Since 2001 there has been a significant shift in volunteering from a government perspective. This situation was particularly highlighted to the government during the 2000 Sydney Olympics. Some 47,000 people volunteered to support the running of the games and the sitting federal government really took notice of the economic value of these contributions.
In the following years the Howard Government ramped up the outsourcing of community services to all range of organisations - most of whom were NFP with large numbers of volunteers. It is a political philosophy as to the responsibilities of state and the involvement of community, however it is my view that the federal government deliberately decided to let the community decide what was important by letting the community members fund those services directly.
However, Melanie's point is that "volunteers are not free". And whilst the government may believe it has a windfall of free labour for services it used to have to fund, Melanie still wants to ensure that volunteers are used appropriately, paid labour is used when appropriate and appropriate value is assigned and captured for both.
Australia has a long history of volunteering and yet in NSW, since the March 2011 State election there has been no appointed Minister for Volunteering and no allocated funding. Despite that we all do it, the State government must think that it is trivial and doesn't justify any recognition.
Melanie wants to change all this.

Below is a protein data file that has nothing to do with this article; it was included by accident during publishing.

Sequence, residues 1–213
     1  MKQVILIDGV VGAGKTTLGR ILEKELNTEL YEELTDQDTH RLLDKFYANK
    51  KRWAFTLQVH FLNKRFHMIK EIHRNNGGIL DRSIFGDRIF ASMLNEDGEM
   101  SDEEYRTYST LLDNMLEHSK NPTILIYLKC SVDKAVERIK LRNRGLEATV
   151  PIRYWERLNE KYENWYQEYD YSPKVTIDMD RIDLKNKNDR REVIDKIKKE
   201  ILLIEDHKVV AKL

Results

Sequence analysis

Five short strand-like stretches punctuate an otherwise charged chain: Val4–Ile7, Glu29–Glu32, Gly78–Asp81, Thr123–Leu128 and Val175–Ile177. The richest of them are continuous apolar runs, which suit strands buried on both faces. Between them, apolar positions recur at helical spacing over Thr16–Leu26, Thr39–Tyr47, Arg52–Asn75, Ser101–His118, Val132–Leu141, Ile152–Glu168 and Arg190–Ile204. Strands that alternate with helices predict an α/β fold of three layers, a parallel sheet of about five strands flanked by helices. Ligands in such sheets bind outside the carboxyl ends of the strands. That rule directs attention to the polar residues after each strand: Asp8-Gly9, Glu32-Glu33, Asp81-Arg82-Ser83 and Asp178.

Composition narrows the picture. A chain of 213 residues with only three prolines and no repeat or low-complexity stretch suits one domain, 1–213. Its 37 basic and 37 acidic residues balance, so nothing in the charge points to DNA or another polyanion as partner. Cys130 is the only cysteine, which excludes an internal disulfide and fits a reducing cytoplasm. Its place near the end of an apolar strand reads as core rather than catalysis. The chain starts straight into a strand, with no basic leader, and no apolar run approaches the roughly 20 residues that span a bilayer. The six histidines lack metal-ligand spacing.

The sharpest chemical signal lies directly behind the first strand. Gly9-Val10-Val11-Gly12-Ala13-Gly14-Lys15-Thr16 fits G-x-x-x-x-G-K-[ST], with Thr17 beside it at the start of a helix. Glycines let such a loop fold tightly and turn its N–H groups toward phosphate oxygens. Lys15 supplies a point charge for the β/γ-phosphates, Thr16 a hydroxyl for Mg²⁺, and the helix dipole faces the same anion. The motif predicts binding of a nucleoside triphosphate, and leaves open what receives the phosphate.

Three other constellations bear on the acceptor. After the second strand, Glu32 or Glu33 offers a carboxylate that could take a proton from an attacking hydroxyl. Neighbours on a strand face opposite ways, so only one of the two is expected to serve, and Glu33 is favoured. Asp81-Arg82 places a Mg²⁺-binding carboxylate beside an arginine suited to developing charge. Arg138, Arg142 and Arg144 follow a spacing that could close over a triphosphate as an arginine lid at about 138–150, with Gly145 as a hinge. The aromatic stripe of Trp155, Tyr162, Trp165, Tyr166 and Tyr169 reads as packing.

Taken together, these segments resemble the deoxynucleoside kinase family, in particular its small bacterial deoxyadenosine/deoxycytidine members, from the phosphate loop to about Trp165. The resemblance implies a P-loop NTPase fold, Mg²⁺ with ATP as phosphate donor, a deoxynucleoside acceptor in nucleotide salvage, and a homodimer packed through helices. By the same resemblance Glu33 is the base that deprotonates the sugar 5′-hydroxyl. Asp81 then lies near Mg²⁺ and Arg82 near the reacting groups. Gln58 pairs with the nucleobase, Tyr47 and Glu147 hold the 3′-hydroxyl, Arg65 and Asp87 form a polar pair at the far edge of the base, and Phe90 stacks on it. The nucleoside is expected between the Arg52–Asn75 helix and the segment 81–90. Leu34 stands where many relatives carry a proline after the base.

Melanie wants volunteering to have a central place in society. For the value of our volunteering to be included in the GDP and counted within our key labour force indicators. This is particularly of interest to women because women do more volunteering than men.And the UN considers the labour involved in low level farming, housework and volunteering to be "unproductive" - and it is this work that is more frequently undertaken by women.
In Australia women's lives have changed dramatically, and whilst we are not undertaking subsistence farming it is time that the volunteering work done by women was recognised and valued accurately. Melanie wants our national accounts to expand their coverage; for the national Census to expand its questions on volunteering; for the media to provide more coverage of volunteer events and issues; she wants Australia Post to change these stamps.
|Instead of designing a unique stamp, Australia Post just stuck the Volunteering logo as an attachment on an existing stamp|
I hope I have given you a taste of Melanie's work. She spoke with passion and enthusiasm. She has a clear vision and supporting action plan. She has a positive mindset for what is possible for volunteers - like you and me - here in Australia.
If you are interested in Melanie and her work you can read her book: Volunteering: why we can't survive without it. And then you can think what YOU want out of your volunteering and how you are going to best contribute your time.
|Not available on Kindle - which is sad for us electronic, internet addicted types|
Volunteering Australia is working to collect valid data on this subject from volunteers like you and I. GO AND DO THEIR SURVEY NOW! It is open until 6 November 2011.
Take the opporutnity to reflect on your own volunteering whilst providing some free data for the cause - cause that's what you do when you're a volunteer at heart!